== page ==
Leading online provider of children’s health information, AboutKidsHealth, looks into diabetes management, and whether approaching management as a family can aid in adjusting to the strain of a chronic illness.
When her daughter was only three years old, Jeanne McKane knew something was not right. “She was thirsty all the time,” she says of her daughter, Olivia, now seven years old. “She would ask for a drink, down it, and then ask for another one, and down it. She was peeing about every 15 minutes, wetting the bed at night, and losing weight – she was just generally unhappy.”
After a quick urine test, Jeanne’s family doctor confirmed what she had reluctantly suspected all along: her daughter had type 1 diabetes.
Since then, Jeanne recalls how caring for a child with the chronic, lifelong condition changed her family life. “It infiltrates your life and there is not a part of our family life that it doesn’t touch,” says the mother of two, pointing to a loose-leaf paper, containing a chart scribbled with numbers. She uses this chart to keep track of Olivia’s blood sugar levels and insulin dosages, which need to be adjusted continually.
What is diabetes? In type 1 diabetes, once known as juvenile diabetes, the pancreas loses its ability to produce any or enough insulin. The only way that the body can once again use sugar for energy is to replace the missing insulin, which is typically given by injection – most children take insulin injections several times a day.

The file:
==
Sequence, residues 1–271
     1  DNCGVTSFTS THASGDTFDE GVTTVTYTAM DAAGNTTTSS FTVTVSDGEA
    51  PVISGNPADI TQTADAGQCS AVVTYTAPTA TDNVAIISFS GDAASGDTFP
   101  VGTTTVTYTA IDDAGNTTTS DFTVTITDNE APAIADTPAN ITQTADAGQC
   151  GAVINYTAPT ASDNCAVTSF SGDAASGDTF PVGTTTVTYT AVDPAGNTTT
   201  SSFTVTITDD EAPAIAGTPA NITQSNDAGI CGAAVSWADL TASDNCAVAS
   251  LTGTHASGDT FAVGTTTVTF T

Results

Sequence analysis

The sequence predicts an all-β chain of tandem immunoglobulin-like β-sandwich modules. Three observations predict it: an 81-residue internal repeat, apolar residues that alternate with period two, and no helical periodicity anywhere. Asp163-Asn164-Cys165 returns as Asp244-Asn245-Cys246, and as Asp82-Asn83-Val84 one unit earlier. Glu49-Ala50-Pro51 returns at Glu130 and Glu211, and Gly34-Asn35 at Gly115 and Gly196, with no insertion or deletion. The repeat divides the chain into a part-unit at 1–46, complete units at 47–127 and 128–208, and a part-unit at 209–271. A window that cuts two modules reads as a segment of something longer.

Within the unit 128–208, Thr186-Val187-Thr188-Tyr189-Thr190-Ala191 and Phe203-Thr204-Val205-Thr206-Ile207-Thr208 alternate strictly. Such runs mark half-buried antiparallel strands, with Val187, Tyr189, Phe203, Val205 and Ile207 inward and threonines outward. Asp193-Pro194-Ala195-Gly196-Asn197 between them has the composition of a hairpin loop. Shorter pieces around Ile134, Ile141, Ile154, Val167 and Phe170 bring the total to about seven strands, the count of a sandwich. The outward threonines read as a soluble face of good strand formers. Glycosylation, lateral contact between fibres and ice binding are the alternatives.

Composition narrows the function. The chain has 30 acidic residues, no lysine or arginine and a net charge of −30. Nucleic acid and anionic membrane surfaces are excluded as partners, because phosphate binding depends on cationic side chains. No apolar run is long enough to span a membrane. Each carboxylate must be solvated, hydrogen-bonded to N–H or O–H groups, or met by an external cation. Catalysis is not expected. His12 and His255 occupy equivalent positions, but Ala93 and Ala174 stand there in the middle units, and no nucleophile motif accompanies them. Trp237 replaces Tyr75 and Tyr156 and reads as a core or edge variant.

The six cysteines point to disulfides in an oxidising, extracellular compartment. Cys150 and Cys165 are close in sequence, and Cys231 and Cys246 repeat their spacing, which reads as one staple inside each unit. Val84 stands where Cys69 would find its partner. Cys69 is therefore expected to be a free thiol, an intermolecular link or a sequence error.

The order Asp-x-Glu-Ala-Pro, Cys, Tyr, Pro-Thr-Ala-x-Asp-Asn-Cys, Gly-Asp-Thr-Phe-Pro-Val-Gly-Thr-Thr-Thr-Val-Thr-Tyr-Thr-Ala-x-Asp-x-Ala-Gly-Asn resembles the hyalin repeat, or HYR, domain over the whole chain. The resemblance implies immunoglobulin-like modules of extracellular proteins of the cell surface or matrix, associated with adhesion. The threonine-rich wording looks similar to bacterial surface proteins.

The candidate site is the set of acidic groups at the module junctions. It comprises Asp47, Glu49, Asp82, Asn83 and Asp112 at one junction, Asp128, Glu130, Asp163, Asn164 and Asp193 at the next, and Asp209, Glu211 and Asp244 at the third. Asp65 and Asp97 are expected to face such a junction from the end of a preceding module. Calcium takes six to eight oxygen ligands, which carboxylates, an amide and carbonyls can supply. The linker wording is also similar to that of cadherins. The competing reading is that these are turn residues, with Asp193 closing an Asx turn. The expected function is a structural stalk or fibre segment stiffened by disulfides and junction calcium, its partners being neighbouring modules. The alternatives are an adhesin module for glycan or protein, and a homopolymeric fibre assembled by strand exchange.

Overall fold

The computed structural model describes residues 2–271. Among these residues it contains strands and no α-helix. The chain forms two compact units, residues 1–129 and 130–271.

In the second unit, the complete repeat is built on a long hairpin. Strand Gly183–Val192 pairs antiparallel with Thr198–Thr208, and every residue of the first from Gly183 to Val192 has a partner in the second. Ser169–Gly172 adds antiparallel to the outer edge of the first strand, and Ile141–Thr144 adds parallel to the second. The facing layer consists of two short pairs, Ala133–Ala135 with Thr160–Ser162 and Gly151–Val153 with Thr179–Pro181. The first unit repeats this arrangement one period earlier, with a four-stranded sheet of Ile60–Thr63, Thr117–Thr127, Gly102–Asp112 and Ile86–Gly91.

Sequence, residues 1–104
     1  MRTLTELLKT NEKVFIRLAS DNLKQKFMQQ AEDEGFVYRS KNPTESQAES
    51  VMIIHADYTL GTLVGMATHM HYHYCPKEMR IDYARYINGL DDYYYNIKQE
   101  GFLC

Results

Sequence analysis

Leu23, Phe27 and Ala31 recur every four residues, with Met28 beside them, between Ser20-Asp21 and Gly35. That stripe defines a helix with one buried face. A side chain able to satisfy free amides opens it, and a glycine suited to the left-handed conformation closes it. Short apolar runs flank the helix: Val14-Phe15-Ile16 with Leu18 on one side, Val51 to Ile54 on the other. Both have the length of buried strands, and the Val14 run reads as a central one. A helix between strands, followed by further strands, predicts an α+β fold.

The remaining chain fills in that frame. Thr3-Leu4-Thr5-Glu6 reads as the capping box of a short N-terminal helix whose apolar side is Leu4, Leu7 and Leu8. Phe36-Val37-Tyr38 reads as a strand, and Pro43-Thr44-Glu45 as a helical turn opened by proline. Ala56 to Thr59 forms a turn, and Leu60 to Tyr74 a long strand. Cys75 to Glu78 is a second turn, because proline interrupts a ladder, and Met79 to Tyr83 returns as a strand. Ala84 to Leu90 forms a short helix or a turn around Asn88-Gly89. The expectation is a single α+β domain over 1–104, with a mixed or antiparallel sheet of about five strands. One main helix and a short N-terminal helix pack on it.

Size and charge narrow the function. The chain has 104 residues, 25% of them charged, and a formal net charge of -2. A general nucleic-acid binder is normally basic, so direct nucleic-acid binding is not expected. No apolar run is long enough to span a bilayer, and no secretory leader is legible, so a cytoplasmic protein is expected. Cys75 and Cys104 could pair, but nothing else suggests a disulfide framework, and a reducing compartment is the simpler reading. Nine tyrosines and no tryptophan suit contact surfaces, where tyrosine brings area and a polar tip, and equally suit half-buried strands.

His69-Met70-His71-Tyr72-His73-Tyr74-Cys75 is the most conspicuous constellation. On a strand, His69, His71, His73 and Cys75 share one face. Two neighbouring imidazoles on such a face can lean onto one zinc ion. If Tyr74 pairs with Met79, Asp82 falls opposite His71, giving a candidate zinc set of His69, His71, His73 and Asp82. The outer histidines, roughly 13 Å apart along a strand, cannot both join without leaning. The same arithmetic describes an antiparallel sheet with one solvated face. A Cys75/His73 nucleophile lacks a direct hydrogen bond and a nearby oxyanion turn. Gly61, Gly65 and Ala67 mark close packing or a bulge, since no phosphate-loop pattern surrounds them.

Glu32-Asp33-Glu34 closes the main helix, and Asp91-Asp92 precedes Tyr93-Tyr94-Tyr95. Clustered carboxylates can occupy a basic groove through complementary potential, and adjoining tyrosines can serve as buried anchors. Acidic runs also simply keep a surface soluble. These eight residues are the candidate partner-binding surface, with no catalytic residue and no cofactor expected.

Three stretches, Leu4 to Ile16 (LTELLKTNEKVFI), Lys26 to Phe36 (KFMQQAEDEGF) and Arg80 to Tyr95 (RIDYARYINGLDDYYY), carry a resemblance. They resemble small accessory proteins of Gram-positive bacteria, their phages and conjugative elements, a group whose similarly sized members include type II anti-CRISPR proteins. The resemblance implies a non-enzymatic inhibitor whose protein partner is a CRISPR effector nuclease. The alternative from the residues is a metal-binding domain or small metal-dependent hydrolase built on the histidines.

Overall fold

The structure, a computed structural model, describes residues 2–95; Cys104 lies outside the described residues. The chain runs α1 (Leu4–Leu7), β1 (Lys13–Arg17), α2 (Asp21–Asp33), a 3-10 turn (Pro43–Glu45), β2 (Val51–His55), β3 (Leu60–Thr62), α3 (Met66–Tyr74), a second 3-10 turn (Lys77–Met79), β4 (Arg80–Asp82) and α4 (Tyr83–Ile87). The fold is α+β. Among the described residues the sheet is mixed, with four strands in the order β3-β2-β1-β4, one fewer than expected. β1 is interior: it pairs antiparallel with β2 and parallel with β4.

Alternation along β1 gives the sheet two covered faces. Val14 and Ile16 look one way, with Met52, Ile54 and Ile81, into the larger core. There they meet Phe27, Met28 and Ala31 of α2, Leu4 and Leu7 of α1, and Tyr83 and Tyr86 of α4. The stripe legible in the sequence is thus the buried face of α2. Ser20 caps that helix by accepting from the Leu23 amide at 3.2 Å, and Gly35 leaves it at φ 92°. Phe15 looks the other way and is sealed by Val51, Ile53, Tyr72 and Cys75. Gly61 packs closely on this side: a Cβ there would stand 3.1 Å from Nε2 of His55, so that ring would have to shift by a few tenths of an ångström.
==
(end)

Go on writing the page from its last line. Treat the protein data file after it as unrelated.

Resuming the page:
Daily home management also involves attention to meal planning, and careful monitoring of blood, urine, and other factors. Approaching Olivia’s diabetes management as a family has helped Jeanne adapt to her daughter’s condition. “It is important that Olivia doesn’t feel like it’s hers to manage alone,” she says. “[Diabetes management] involves all of us. It’s something that everyone has to help each other to manage. It’s important for us to say that we’re all in this together”.
Adjusting takes time and patience for all family members, and occurs at a different pace for each. Adjustments include regulating food, and parents may need to plan meals in advance instead of acting spontaneously. In the long run, though, all these adjustments become second nature.
Diabetes should not stop children and teens from doing almost all the things their friends would do. It’s just that extra planning is needed to ensure their safety. “When we go on vacation, diabetes literally get’s its own bag,” says Jeanne.
Those who see it as a serious but manageable condition cope better. It is Jeanne’s pragmatic and jovial outlook that helped ease her adjustment. “There is a fatigue that comes with an ongoing condition, particularly with diabetes; it’s every minute of the day, all the time,” she says. “All of these tasks are just a fact of life with diabetes, and there really isn’t an option to say ‘ok we’re not going to do it today’. You have to support each other through it.”
For the original AboutKidsHealth article containing more information about diabetes management, please see:
AboutKidsHealth is the leading Canadian online source for trusted child health information, and has a scope and scale that is unique in the world. Developed by SickKids Learning Institute in collaboration with over 300 paediatric health specialists, the site provides parents, children, and community health care providers with evidence-based information about everyday parenting information, health and complex medical conditions, from what we can learn about math for kids, to diabetes management, to buying local foods. AboutKidsHealth adheres to rigorous quality standards for the creation and review of health information.
Visit www.aboutkidshealth.ca to find out more.
For more information, please contact:
Robin Marwick, Managing Editor
The Hospital for Sick Children
555 University Avenue